The Suppressed Poems of Alfred Lord Tennyson eBook

This eBook from the Gutenberg Project consists of approximately 68 pages of information about The Suppressed Poems of Alfred Lord Tennyson.

  But men of long enduring hopes,
    And careless what this hour may bring,
  Can pardon little would-be Popes
    And Brummels, when they try to sting.

  An artist, Sir, should rest in art,
    And wave a little of his claim;
  To have the deep poetic heart
    Is more than all poetic fame.

  But you, Sir, you are hard to please;
    You never look but half content: 
  Nor like a gentleman at ease
    With moral breadth of temperament.

  And what with spites and what with fears,
    You cannot let a body be: 
  It’s always ringing in your ears,
    ‘They call this man as good as me.’

  What profits now to understand
    The merits of a spotless shirt—­
  A dapper boot—­a little hand—­
    If half the little soul is dirt?

  You talk of tinsel! why we see
    The old mark of rouge upon your cheeks.
  You prate of nature! you are he
  That spilt his life about the cliques.

  A Timon you!  Nay, nay, for shame: 
    It looks too arrogant a jest—­
  The fierce old man—­to take his name
  You bandbox.  Off, and let him rest.

XLV

=Mablethorpe=

[Published in Manchester Athaenaum Album, 1850.  Written, 1837.  Republished, altered, in Life, vol.  I, p. 161.]

  How often, when a child I lay reclined,
    I took delight in this locality! 
  Here stood the infant Ilion of the mind,
    And here the Grecian ships did seem to be.

  And here again I come and only find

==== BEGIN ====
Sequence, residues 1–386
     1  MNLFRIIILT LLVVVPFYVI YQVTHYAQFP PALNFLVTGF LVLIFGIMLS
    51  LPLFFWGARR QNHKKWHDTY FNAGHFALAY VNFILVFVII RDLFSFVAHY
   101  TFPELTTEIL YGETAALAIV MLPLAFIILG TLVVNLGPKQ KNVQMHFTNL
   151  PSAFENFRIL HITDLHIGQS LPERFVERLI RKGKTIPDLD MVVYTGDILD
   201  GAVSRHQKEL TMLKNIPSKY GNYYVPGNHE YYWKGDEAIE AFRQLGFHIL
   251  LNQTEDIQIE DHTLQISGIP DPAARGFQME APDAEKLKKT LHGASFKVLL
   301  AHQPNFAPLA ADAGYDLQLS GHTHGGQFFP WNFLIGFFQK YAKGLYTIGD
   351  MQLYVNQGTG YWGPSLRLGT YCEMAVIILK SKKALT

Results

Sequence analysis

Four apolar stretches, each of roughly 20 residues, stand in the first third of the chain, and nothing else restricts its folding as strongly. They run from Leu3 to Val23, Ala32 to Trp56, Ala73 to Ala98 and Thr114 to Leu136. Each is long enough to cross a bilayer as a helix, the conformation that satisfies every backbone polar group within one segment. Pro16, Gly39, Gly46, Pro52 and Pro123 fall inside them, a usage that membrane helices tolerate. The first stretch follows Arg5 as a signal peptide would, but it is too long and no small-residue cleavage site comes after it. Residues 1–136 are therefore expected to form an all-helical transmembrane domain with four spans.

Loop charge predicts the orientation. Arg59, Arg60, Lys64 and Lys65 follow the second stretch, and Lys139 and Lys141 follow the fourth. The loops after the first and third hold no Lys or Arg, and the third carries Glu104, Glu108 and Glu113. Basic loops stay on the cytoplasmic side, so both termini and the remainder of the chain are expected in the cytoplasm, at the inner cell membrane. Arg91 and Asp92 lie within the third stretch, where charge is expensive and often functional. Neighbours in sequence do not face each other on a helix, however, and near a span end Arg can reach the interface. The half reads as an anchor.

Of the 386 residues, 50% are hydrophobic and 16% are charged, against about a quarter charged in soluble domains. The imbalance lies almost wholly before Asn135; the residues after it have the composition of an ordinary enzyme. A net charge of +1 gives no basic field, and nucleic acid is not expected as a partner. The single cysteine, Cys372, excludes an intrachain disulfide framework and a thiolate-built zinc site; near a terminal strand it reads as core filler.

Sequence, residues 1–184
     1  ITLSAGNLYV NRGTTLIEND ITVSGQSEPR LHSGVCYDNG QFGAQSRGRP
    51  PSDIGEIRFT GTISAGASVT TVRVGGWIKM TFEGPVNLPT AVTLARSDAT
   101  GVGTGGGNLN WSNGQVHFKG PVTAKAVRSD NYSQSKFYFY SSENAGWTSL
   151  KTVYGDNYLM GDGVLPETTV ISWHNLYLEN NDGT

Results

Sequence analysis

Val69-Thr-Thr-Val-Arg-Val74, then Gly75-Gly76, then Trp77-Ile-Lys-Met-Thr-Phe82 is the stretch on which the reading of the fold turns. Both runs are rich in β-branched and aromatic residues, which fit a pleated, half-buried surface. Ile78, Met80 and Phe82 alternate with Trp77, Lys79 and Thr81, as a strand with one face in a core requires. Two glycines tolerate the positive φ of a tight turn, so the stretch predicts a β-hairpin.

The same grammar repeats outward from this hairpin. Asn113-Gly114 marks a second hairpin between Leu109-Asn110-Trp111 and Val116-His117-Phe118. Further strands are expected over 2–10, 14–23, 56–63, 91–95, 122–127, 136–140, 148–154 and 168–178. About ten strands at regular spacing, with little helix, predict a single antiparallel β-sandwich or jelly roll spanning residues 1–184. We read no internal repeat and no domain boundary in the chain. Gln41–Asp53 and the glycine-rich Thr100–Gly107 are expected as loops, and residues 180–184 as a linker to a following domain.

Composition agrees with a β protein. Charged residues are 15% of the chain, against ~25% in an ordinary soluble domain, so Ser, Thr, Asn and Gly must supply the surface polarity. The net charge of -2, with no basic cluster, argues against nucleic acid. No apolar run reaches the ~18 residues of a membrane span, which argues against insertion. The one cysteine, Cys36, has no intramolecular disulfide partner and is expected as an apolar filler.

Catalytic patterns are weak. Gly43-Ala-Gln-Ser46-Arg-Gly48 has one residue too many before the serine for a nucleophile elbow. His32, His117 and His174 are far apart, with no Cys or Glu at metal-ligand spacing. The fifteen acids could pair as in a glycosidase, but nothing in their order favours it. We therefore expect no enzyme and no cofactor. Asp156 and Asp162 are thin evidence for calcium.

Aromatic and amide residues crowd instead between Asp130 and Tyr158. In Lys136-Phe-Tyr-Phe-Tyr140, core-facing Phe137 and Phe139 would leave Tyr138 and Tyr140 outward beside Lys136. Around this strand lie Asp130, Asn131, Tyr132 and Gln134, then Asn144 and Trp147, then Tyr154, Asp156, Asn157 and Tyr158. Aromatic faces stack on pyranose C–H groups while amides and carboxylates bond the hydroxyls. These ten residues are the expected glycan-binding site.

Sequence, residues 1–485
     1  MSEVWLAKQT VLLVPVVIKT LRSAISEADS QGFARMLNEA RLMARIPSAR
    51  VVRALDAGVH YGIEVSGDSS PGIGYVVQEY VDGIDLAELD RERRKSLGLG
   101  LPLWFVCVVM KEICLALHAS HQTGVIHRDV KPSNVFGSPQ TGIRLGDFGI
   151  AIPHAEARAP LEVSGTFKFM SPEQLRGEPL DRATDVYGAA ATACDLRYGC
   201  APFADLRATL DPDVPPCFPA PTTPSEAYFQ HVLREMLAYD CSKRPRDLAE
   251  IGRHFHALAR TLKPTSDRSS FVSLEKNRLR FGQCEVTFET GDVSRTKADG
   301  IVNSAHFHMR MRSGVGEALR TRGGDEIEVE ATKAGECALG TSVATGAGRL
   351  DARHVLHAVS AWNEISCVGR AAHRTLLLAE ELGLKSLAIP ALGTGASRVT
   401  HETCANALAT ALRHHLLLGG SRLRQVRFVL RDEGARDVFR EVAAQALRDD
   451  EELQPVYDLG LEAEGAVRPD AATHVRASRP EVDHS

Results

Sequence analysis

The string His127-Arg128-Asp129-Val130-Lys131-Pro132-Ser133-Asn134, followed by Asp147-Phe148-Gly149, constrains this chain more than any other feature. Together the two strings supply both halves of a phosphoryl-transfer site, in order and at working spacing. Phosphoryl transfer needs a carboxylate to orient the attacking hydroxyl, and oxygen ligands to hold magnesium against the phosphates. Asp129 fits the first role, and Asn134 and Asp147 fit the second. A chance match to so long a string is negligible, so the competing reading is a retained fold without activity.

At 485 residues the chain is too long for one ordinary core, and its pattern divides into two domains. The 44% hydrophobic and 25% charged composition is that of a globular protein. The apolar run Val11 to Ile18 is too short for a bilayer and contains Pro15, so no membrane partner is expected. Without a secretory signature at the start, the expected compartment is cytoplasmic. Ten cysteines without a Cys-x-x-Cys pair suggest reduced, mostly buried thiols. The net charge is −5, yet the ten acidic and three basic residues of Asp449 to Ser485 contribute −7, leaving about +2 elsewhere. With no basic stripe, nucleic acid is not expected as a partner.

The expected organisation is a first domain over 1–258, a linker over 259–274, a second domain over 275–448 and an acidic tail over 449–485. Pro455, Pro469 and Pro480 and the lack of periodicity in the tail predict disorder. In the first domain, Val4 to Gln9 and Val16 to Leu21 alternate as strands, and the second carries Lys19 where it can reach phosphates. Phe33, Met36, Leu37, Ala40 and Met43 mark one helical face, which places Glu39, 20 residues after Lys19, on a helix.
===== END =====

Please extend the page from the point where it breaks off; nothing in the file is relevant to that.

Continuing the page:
The drain-cut levels of the marshy lea,—­
  Gray sand banks and pale sunsets—­dreary wind,
    Dim shores, dense rains, and heavy clouded sea.

XLVI

[Published in The Keepsake for 1851:  an illustrated annual, edited by Miss Power.  London:  David Bogue.  To this issue of the Keepsake Tennyson also contributed ‘Come not when I am dead’ now included in the collected Works.]

  What time I wasted youthful hours
  One of the shining winged powers,
  Show’d me vast cliffs with crown of towers,

  As towards the gracious light I bow’d,
  They seem’d high palaces and proud,
  Hid now and then with sliding cloud.

  He said, ’The labour is not small;
  Yet winds the pathway free to all:—­
  Take care thou dost not fear to fall!’

XLVII

=Britons, Guard your Own=

[Published in The Examiner, January 31, 1852.  Verses 1 (considerably altered), 7, 8 and 10, are reprinted in Life, vol.  I, p. 344.]

  Rise, Britons, rise, if manhood be not dead;
  The world’s last tempest darkens overhead;
          The Pope has bless’d him;
          The Church caress’d him;
  He triumphs; maybe, we shall stand alone: 
          Britons, guard your own.

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The Suppressed Poems of Alfred Lord Tennyson from Project Gutenberg. Public domain.
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